As Russian citizens continue to experience a decrease in disposable income, consumer lending with high interest rates has increased dramatically.
Disposable income for Russians has declined steadily since 2013 through 2018. Personal consumer lending has increased to $130 billion last year. This is a sharp 46% increase from 2017. Unsecured cash loans account for most consumer debt.
Interest rates are unforgiving, ranging from 12% to 19%. There have been a surge of commercial and nonprofit lending institutions separate from banks that charge interest rates that surpass 500%. According to Russian President Vladimir Putin, current lending practices are resulting in individuals using 40% of their wages to repay debt.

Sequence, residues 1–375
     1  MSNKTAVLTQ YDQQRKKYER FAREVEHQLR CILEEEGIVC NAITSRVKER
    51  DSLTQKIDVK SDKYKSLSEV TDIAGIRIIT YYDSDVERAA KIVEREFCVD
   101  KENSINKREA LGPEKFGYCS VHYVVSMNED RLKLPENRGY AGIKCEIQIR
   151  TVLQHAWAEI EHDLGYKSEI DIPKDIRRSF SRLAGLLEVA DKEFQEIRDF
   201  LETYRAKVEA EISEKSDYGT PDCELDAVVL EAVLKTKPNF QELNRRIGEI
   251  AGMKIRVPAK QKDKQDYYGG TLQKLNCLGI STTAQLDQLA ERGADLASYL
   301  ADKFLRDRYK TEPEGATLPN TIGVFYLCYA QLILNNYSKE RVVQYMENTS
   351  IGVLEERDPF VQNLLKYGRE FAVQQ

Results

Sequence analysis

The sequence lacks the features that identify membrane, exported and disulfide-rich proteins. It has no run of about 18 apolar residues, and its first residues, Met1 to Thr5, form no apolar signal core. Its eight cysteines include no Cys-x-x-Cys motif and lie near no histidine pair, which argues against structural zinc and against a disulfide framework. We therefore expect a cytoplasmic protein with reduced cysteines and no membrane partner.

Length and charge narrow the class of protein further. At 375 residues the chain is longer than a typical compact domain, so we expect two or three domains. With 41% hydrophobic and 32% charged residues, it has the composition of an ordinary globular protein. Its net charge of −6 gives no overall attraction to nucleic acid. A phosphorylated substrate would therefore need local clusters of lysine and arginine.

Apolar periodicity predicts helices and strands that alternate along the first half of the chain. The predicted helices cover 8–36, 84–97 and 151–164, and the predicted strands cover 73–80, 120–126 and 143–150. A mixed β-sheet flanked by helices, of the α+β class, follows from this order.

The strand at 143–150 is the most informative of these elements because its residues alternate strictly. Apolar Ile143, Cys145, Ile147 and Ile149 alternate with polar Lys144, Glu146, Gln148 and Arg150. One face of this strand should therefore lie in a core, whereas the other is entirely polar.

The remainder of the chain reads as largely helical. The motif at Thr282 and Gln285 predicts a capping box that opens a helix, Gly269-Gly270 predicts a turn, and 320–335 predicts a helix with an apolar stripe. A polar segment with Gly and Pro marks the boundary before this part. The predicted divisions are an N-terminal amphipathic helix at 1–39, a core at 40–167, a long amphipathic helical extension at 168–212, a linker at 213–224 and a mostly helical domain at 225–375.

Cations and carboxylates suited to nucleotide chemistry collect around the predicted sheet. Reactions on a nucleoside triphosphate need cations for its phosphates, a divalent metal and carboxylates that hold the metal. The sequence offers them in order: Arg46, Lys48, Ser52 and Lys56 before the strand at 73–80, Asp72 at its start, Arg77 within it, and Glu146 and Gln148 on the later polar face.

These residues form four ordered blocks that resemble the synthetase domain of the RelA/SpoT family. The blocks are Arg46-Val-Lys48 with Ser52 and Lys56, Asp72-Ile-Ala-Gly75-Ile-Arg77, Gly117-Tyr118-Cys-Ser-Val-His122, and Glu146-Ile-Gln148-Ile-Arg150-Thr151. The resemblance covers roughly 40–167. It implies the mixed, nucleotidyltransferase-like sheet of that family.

“Our estimate is that 2021 is the year when [the consumer-lending problem] will blow up,” said Maxim Oreshkin, Russia’s economy minister.
The average amount of debt is close to $4,600, according to the United Credit Bureau. This is small relative to the average $38,000 in debt that an American holds. However, the average monthly Russian salary is $670. Near to 44% of Russian households are in debt. This is a 10% increase from 2 years ago. 1 in 8 Russians spend more than 50% of their income on loan payments.
As interest rates increase along with increased borrowing, Russians are unable to escape the consumer debt that is burdening the entire country.